Then, proceed to enlarge the drill holes using a hand drilling machine with a wider bit head. This should create a somewhat layered hole to leave ample room for the screw heads and accompanying washers to rest. Proceed to insert the screw fasteners on each hole before closing with accompanying washers and nuts on the opposite side.

Tighten the fasteners using a star head screwdriver and grind off the protruding tips of the screw tails. Conclude by reinforcing the screwed attachment using screw glue on all the holes.

Apply More Wood Refinement

Once the glue sets in and you have a firm blade head, clamp the knife and aggressively sand the wood to polish it up more. After working on the head, embark on the blade as well. Thoroughly hand grind it on every inch to eliminate the rusty patches and fully restore the metallic luster.  

With all the dirt out of the way, gently stain the blade head with black varnish using a rag or paintbrush (if you have one). As soon as the varnish dries up, switch your attention back to the blade.

Craft A Saw Blade Within the Knife

Lay the blade on its side and mark a cutting framework a few inches from the head. This should be on the opposite side of the cutting edge of the knife. Let the marking be a straight line with short angled sides. The tools needed here are a black marker and a steel ruler.

Then, start drawing a zigzag pattern within the set framework to mimic the design of a real saw blade. Ensure the framework doesn’t exceed too much into the blade. With the complete markings of the saw teeth, clamp the knife and start grinding along with the zigzag pattern gently.

After grinding is complete, proceed to smoothen the saw teeth further using a small cut-off tool. In that clamped position, start setting the saw blade straight using small pliers.

Apply Extra Grip to The Head

With most of the knife work complete, you must also think about the convenience of using the tool in your hands. An effective way to do that is by adding a leather strip layering to the finished wood handle.

For enduring leather bonding, use super glue. Lay the knife on its head and apply a small quantity of superglue as you go. With each drip of glue, wrap the leather strip over it all around the knife head. Repeat the process until the entire leather strip is applied. To eliminate any loopholes, you might also want to apply glue on the leather itself before running an overlay of a subsequent cycle.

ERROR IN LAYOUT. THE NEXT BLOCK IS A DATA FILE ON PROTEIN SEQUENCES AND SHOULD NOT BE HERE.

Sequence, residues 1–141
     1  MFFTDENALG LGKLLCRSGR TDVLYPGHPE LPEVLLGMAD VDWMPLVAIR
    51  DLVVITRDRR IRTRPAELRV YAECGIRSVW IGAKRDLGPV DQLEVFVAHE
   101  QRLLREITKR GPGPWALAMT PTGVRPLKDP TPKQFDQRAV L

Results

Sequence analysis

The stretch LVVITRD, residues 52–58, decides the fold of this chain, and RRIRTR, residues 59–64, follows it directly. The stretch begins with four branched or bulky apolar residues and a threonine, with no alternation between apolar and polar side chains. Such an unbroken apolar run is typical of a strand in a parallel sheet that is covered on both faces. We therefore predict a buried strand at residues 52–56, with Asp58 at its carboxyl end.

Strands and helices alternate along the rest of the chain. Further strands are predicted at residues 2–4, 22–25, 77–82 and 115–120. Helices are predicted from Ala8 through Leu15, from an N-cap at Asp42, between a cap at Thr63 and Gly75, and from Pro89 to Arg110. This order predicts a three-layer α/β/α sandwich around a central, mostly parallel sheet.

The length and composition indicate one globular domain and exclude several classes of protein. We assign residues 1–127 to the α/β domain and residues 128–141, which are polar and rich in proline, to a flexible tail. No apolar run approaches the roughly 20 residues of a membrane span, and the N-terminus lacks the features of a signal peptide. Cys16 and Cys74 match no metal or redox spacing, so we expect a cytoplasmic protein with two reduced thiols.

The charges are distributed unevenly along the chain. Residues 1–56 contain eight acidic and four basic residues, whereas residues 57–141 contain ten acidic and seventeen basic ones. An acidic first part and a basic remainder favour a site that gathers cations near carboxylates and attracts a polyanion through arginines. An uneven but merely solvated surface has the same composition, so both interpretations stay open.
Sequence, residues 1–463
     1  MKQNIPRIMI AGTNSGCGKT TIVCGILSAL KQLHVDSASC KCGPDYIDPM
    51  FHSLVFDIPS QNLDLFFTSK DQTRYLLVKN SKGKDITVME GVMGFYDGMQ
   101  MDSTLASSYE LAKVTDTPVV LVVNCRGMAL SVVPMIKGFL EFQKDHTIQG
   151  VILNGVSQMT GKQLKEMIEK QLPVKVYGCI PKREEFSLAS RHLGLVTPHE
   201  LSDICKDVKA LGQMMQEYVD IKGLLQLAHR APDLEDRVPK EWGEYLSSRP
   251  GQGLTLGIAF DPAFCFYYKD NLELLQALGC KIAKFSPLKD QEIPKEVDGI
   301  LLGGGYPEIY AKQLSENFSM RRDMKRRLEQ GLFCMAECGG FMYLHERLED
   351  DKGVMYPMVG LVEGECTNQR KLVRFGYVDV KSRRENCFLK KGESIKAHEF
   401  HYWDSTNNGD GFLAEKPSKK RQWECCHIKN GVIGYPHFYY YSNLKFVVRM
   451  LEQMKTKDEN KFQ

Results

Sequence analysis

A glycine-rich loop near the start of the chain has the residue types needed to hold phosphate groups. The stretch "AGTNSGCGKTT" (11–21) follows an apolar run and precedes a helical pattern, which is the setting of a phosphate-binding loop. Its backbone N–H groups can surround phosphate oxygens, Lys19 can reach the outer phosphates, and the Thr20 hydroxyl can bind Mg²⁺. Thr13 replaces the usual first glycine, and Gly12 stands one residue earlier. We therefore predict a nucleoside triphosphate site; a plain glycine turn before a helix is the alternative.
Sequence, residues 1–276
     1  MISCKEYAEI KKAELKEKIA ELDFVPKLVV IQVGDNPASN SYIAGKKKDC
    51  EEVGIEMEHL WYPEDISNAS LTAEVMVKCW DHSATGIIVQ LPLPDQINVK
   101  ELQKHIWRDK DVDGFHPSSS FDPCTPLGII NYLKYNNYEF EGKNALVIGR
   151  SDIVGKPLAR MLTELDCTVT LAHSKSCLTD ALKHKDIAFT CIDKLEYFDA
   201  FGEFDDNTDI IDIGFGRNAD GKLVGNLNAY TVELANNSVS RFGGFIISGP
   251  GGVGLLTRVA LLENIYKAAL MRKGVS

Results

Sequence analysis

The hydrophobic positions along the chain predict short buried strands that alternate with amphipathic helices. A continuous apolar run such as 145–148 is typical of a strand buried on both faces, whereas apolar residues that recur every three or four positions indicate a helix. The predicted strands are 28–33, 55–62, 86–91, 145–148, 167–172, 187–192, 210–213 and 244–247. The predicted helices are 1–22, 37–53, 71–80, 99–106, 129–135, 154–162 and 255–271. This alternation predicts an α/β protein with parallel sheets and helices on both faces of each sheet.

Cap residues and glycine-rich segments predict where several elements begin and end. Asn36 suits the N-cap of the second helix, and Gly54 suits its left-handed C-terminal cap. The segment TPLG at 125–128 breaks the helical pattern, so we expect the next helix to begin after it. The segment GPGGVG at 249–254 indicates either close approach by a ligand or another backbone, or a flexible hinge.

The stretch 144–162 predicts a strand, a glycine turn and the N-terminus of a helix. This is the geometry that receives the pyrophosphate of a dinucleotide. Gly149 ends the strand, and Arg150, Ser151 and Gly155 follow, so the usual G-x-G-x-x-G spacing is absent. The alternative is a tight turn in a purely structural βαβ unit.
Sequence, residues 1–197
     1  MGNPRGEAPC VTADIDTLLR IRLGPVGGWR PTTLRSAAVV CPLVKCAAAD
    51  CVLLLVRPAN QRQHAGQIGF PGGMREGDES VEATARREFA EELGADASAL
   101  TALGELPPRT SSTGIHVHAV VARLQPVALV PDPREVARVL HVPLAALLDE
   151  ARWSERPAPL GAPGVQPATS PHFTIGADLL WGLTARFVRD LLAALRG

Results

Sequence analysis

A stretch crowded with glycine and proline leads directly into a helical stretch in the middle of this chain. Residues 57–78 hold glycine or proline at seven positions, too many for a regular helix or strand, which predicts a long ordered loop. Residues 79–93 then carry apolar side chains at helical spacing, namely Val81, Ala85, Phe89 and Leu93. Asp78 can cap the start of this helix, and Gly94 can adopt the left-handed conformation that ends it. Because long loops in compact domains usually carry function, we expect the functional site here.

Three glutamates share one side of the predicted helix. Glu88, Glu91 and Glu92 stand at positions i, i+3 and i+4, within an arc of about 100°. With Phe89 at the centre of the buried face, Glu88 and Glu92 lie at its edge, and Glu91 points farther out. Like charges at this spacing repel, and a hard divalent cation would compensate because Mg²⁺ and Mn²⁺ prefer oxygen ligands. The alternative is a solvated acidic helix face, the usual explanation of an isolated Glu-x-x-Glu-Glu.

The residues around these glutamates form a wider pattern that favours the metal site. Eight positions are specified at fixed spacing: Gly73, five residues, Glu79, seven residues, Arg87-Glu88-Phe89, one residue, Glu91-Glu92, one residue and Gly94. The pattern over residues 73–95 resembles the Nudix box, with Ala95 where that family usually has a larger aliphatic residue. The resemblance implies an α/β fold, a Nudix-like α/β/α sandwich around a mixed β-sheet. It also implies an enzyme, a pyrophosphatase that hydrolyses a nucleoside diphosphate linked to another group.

Sharpen The Knife

With the framework of your knife all done, you need to fine-tune its functionality as well. Project the knife against your worktop and delicately grind along the cutting edge to sharpen the blade. Afterward, move your knife indoors and work out its perfection on an electrical knife sharpening machine. Ensure you run the knife through the rotary discs at all angles both for sharpening and polishing.

End Product

When you are certain you have afforded your knife the best treatment, start working it out to test its skills. This right here is what you can expect from a knife that has uncompromisingly undergone all the aforementioned steps.

Time to tear through a piece of paper with ease or slice an apple effortlessly with your newly found blade. Is that cabbage too bulky for an ordinary kitchen knife? This hardy DIY knife crafted from an old 2-handed saw will do the trick.

Able to seamlessly slice through a plastic bottle full of water or two bottles lined in a sequence, expect the sturdy knife to go a lot further including sawing through wood. Thanks to the little saw section woven into the DIY design, your multipurpose knife goes beyond the kitchen to include woodworking as well. What’s more, the knife blade is sharp and strong enough to even withstand backyard punishment.

Conclusion

Looking for a double-edged knife that cuts and saws at the same time? Look no further than this simple DIY knife merely made out of an aged 2-handed saw that was about to see the dumpsite. Extracting the knife from the saw blade is a breeze if you adhere to the above instructions word for word. Enjoy knifing like a DIY pro!

The author of the video has applied unimaginably inexpensive tools. Find out more about the tools in his DIY projects YouTube channel whose current subscription stands at 261,000 subscribers.

Photo by DIY projects / CC BY 3.0